A Successful Digital Transformation Is Only Possible Through Effective Organizational Leadership

by | Dec 1, 2019

I recently came across this quote on LinkedIn: “The most dangerous phrase in the English language is, ‘We’ve always done it this way.’”

The statement is attributed to Rear Admiral Grace Hopper, a US Naval Officer, serving from 1943 to 1986. She was an early computer programmer, and also the first to say, “It’s easier to ask forgiveness than it is to ask permission,” which I may have stolen a time or two.

She was very quotable! Here’s another: “You manage things, you lead people. We went overboard on management and forgot about leadership.”

A huge aspect of leadership is knowing when to challenge the status quo…and then actually doing it. I’m not talking about change for change’s sake, but change as thoughtful steps toward an envisioned future. The ability to envision that future? That’s also another major aspect of effective leadership.

How We Guide the Process of Digital Transformation to Create a Purposeful Evolution

We help our clients consider their own purposeful evolution. We help them figure out how they must change to become their envisioned version of themselves. We challenge them and guide them in turning their focus inward and examining how they do things objectively. Specifically, we focus on back-office functions—non-revenue/non-customer focused activities that keep the business running. We observe those processes and analyze how they interact with company personnel, looking for process gaps that a digital solution could possibly solve. We ask “why that way,” “why then,” and “why that person,” etc.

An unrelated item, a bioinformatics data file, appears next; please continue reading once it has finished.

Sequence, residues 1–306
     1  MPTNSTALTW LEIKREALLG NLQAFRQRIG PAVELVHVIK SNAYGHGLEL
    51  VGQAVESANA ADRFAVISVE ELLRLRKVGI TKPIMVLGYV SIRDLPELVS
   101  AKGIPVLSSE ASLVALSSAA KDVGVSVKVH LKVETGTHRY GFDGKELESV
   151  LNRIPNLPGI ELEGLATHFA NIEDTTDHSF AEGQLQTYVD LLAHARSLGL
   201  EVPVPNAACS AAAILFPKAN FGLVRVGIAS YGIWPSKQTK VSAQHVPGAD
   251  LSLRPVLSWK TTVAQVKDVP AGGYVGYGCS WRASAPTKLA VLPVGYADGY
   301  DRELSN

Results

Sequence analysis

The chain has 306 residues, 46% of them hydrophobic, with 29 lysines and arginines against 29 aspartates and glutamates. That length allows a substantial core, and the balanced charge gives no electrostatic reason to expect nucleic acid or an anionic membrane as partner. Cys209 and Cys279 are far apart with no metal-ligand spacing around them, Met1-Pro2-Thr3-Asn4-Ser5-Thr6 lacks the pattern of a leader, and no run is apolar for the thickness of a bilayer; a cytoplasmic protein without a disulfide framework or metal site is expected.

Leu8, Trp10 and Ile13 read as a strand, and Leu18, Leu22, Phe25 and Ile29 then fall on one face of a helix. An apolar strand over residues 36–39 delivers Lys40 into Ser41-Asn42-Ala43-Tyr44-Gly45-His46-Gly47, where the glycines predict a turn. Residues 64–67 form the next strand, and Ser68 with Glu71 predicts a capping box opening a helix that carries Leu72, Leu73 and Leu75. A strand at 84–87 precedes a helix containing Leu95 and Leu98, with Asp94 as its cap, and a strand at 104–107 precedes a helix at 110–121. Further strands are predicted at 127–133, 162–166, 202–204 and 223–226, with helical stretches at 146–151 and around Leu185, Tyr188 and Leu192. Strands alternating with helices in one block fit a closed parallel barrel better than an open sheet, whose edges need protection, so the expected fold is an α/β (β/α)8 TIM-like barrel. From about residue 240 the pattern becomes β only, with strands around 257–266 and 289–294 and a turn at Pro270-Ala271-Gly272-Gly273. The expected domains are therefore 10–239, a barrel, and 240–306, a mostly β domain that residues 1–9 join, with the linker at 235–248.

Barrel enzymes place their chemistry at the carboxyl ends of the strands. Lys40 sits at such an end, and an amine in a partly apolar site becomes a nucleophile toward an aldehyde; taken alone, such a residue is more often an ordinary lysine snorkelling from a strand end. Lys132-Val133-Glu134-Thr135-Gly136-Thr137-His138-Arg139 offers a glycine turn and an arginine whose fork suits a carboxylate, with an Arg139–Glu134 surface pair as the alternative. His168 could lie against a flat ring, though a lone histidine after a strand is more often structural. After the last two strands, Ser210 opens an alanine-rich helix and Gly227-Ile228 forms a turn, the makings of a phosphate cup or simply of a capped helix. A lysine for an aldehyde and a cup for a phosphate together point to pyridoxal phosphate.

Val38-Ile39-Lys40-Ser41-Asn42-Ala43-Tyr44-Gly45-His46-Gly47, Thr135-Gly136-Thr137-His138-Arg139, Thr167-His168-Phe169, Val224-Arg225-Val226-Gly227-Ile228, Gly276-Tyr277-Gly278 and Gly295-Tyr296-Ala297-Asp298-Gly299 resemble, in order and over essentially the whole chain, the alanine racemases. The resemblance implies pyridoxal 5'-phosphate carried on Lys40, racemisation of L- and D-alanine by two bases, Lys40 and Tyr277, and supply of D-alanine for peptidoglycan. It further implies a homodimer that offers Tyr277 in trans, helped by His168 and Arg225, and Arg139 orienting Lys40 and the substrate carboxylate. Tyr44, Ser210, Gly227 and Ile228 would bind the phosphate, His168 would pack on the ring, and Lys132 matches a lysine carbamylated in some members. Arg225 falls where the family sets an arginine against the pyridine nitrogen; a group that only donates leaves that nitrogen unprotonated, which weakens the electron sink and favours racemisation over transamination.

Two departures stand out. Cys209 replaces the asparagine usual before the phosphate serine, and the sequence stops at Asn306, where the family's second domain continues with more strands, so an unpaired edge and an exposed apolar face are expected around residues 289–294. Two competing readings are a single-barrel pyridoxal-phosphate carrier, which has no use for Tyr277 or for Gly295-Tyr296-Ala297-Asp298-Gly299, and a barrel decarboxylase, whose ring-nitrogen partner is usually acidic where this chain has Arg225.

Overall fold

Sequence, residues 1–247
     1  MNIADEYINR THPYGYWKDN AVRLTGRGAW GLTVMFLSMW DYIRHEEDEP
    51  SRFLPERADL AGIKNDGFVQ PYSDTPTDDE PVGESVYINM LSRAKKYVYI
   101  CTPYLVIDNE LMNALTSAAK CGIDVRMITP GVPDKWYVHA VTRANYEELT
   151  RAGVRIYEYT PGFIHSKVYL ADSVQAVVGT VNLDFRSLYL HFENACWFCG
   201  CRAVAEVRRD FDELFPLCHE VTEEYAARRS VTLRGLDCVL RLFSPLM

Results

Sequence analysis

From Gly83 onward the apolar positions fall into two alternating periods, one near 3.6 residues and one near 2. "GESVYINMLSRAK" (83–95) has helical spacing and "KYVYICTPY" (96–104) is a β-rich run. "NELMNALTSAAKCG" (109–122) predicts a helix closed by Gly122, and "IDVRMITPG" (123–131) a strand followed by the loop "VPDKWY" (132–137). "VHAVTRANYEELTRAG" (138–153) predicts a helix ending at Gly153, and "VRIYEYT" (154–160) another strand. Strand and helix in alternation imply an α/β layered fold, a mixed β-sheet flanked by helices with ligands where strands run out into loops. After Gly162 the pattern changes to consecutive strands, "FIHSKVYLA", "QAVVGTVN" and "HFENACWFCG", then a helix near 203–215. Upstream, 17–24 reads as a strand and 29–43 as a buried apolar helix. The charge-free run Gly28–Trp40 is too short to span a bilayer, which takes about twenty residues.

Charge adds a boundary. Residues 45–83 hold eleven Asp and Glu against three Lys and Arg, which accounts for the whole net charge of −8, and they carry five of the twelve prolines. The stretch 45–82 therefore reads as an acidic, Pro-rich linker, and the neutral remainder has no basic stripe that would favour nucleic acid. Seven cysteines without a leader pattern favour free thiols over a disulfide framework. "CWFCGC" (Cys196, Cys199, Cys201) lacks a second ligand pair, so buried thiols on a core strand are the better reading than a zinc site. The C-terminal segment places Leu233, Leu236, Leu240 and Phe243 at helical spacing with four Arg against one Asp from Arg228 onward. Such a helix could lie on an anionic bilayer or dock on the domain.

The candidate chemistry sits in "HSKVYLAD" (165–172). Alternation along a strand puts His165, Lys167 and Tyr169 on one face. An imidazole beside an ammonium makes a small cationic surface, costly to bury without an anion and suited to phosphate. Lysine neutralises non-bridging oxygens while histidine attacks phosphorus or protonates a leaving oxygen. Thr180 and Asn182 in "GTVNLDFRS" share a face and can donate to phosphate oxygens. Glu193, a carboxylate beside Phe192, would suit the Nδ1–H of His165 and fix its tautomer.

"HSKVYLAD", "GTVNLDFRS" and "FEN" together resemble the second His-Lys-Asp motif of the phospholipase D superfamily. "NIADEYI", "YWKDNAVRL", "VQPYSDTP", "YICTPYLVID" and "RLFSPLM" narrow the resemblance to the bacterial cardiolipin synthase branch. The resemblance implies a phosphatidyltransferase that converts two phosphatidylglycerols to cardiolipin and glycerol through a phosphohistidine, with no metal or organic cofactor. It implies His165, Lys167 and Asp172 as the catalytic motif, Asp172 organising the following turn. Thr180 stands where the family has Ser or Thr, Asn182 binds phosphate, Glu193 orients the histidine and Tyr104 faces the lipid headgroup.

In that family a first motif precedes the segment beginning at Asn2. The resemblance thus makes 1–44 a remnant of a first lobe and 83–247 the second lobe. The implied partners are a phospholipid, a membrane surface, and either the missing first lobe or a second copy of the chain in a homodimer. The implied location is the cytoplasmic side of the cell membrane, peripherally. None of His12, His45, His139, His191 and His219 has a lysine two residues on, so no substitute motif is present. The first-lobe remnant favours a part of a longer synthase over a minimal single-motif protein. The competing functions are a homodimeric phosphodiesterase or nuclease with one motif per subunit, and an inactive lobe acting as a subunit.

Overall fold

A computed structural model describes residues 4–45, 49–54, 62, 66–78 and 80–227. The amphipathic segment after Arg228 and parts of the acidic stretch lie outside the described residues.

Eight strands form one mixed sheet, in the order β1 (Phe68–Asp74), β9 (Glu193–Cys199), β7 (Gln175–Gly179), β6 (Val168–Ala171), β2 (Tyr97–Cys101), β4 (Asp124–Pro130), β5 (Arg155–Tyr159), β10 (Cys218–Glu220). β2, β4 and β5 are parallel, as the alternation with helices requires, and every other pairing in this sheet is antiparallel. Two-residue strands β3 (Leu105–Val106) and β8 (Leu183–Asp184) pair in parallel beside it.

Our goal is to introduce automation and digital efficiencies that remove process bottlenecks. And while it’s often easy to talk haphazardly about how things should ideally work, the implications of digital transformation can create waves in a company…and they should be carefully considered. People’s jobs may change. Jobs may be eliminated. However, it’s important to make the distinction during the planning phase that such changes aren’t indictments of people or processes—it’s about growth. Usually, when a new digital process or automation relieves a person of job responsibilities, they can be reallocated to more important or valuable activities.

When it comes to more complex business processes, we actually help companies reverse engineer them, highlighting how various factors in the processes changed over time, how additional tasks crept into the processes, and how duplication of efforts developed. Our clients are always surprised by what we find…and that their own people on the ground were unaware of or unable to recognize the problems we find. However, such scenarios are very common. Generally, people who are siloed into a certain way of doing things, with limited perspective on the business as a whole, are blind to factors and events outside of their purview.

I’d be lying if I told you that what we reveal always receives a positive reception. Plenty of eye-rolling and recitations of, “We’ve always done it this way,” are par for the course. However, if it doesn’t stop, and people themselves become impediments to process improvement that your organization desperately needs, a digital transformation can also include changes in leadership. Real talk.

Next time you hear, “We’ve always done it this way,” just give us a call. We can help you reinvent your business processes and take advantage of all the organizational efficiencies that a digital transformation can bring.

 

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